So here’s the coop

2

December 23, 2012 by suchandsuchfarm

I really wanted chickens. I wanted them really bad. The farm already had a great coop on the property inside a large, fenced in chicken run. All I had to do was insert chickens… and learn how to take care of them. One Saturday in May, our good friends John and Lanette brought us over five chickens and the rest is history. I had chicken fever. (Lanette really got me into chickens, taught me a lot about raising them and now she hatches eggs for sale. Check out her facebook page at Happy Chickens) Here’s a looksie around our coop:

A view from the yard. On the right is the "inside coop" on the left is an "outside coop" area attached.

A view from the yard. On the right is the “inside coop” on the left is an “outside coop” area attached.

The outside coop is completely covered and has roosts, nesting boxes, a brooder box and a chicken door to the inside coop.

The outside coop is completely covered and has roosts, nesting boxes, a brooder box and a chicken door to the inside coop.

The inside coop, where we keep their feeders/waterers, roosting area and 8 nesting boxes.

The inside coop, where we keep their feeders/waterers, roosting area and 8 nesting boxes.

Outside, we built a rainwater harvester that provides them with drinking water.

Outside, we built a rainwater harvester that provides them with drinking water.

Also in their run is this sweet camper shell coop. The previous owner used to to raise turkeys. Now it's being used as a chicken spa/playground/holdingarea.

Also in their run is this sweet camper shell coop. The previous owner used to to raise turkeys. Now it’s being used as a chicken spa/playground/holdingarea.

I took this picture in the middle of their yard. Needless to say, they have plenty of space to roam.

I took this picture in the middle of their yard. Needless to say, they have plenty of space to roam.

Right now, we have Easter Eggers, buff orpingtons and blue laced red wyandottes (they’re great dual purpose breeds… meaning good layers and fryers) we also have two little silkies because I couldn’t resist them at the small animal swap. Currently we have a mixed flock but want to create a self-sustaining flock where the hens and roosters mate, lay eggs, hatch their own babies and so on and so forth. In the spring we’ll build on another coop where we can keep the breeds separate and essentially have two purebred self-sustaining flocks.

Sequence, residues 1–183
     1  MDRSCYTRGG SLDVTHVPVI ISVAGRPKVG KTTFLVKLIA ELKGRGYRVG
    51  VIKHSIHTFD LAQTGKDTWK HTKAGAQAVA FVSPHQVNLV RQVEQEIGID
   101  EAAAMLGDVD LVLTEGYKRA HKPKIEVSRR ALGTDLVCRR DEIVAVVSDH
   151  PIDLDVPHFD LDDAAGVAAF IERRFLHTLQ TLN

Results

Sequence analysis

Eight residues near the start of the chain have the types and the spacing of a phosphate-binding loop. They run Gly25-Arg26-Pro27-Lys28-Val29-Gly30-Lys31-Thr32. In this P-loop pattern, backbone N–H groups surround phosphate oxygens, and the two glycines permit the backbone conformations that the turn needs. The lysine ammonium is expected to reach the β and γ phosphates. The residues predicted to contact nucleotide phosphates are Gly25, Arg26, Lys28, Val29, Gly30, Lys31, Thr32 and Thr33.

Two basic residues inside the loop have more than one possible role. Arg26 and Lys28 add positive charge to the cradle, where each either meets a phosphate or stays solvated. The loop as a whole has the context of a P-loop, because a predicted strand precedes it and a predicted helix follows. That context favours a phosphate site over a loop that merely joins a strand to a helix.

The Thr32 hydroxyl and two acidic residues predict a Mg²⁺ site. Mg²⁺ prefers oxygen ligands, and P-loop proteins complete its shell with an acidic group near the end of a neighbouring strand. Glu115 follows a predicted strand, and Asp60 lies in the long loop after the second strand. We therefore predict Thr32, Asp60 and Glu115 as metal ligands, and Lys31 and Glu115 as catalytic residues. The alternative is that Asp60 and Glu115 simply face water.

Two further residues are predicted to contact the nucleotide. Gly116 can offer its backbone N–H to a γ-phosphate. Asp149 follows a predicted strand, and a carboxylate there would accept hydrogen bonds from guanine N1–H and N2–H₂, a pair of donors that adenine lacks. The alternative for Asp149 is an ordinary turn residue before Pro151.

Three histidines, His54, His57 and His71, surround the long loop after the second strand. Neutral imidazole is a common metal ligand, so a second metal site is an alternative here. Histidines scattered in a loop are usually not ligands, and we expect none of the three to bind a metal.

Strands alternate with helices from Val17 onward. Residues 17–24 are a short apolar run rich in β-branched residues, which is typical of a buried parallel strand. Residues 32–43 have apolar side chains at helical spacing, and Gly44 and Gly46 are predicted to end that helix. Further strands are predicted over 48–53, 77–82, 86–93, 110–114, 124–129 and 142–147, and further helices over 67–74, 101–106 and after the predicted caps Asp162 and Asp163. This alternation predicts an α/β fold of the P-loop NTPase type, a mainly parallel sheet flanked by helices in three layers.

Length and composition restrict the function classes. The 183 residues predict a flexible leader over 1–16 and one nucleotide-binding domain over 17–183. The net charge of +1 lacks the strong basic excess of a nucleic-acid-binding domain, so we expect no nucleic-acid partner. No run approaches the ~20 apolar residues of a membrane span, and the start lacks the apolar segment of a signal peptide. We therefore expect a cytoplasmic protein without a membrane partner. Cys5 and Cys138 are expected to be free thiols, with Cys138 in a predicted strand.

We do cull our own roosters and the first time was certainly an experience, it doesn’t get easier but it’s a necessity. Culling is the process of removing breeding animals from a group based on specific criteria. Having too many roosters create conflict with other roosters and stresses out the hens. Our chickens are not pets. They provide us with delicious eggs and every once in a while, meat. But we do provide them with an excellent life out at the farm. They forage in their large chicken run for bugs and grass, eat scraps from the garden, take dust baths and scratch in the yard. Spoiled chickens produce excellent eggs. And I spoil the crap out of them. Just ask Dave. You can read more about them in the “Our chickens” section of our website.

I have to admit that the coop and run look pretty drab since it’s late December but come spring time, it’s full of tall grasses and veggie scraps from the garden. Stay tuned for new upgrades and additions to the cook and flock coming next spring!

Here’s a video that Dave took of our buff orpington laying one of her first eggs!

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2 thoughts on “So here’s the coop

  1. […] already have one coop that was built by the previous owners. It’s at the end of a very long pastured run, running […]

  2. […] of the abnormally cold and wet spring we’re having. However, we have this pretty baller camper shell condo coop set up outside so with a heat lamp and since they’re fully feathered at 5-6 weeks, they […]

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